pencil-pen-pal-plog problems

Note: I'm writing this blog from personal experience.  I once mocked the curriculum specialist for using People Bingo.  I posted a snarky comment on Facebook and she came to me the next day and told me how much it hurt.  

The pen pal networks are down right now.  Apparently the conference didn't anticipate such a high use of paper. So, I'm at a cafe with paper and pencil, plogging my problems. I begin this entry, expecting to write about pencil integration and why it doesn't have to server economic interests.

A lady walks in and orders a large coffee.  "It's been a tough day," she begins.  "I had two people leave my workshop yesterday and when I checked the pen pal network, they had mocked the Ice Breaker I had developed."

"Oh, that's horrible," the waitress comments.  "I know a thing or two about grumpy customers, but none of them have ever left the table in mid-meal."

"Do they write 140 character messages that mock you?"

"Nope.  Not so much."

"One man even wrote a plog post about it. Plogs last forever. Couldn't he just have talked to me instead?" The lady begins crying.  She starts talking about missing her husband and her sons and how hard it is to be creative with something like ice breakers when she's not a fan of them in the first place.  For the first time, I see her not as a fixture of a conference, but as a human.

I walk up to her and say, "I'm so sorry.  I mocked the ice breakers for being artificial and contrived but then I chose the most artificial and contrived method of complaining.  It was cruel and insensitive."

The moment is awkward, but she's gracious.

"I'm sorry for crying," she says.

"Don't apologize.  Your tears are a gift.  I needed a change in perspective."

For all the discussions my class had about pencil citizenship last year, I feel like a hypocrite.  I failed to understand that even in the transgeographic pen pal world, the bottom line should be love.

5 comments:

  1. Beautiful reminder to us all. The bottom line should always be love in the communication we have with others. It's so easy to forget with the click of the return key or send button. Thank you.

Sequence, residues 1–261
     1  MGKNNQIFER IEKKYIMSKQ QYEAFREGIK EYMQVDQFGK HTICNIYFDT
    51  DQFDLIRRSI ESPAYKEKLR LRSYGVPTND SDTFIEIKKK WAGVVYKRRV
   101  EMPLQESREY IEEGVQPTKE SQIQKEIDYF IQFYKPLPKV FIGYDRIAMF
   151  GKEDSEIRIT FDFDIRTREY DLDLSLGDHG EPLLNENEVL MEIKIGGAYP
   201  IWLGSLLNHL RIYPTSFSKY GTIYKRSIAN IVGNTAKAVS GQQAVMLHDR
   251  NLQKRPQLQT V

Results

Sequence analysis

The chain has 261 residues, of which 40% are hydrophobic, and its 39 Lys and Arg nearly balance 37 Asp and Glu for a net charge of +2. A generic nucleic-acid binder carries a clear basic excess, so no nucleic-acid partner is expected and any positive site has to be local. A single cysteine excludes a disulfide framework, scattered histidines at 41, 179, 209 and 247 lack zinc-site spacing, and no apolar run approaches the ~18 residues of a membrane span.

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  2. So true, we often confuse this most public of places for our own inner realm where an errant uncharitable thought can be redeemed with repentance and reflection.

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  3. Actually, the "higher than expected usage" is a standard excuse used by conference centers and hotels for not meeting their contracts on providing service. The truth is that paper is expensive and if they don't buy enough, no one has the guts to sue them for it. Caveat emptor!

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  4. Dear John, er, Tom,

    I think it's Doug Johnson (Blue Skunk Blog) who advises bloggers to always praise locally--or maybe it was you.

    Not sure that you said anything awful--no one with a soul likes to hurt others for no reason, but your point is well taken. If she's not a fan of them, either, why did she choose to use them? (I happen to like ice breakers, but I'm an extrovert.)

    Would she use them again? If not, maybe your words helped. If so, maybe she'll explain to her groups why she finds them valuable before another curmudgeon takes her work to task....

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  5. I've never heard the idea of "always praise locally." Interesting concept. What exactly does this apply to?

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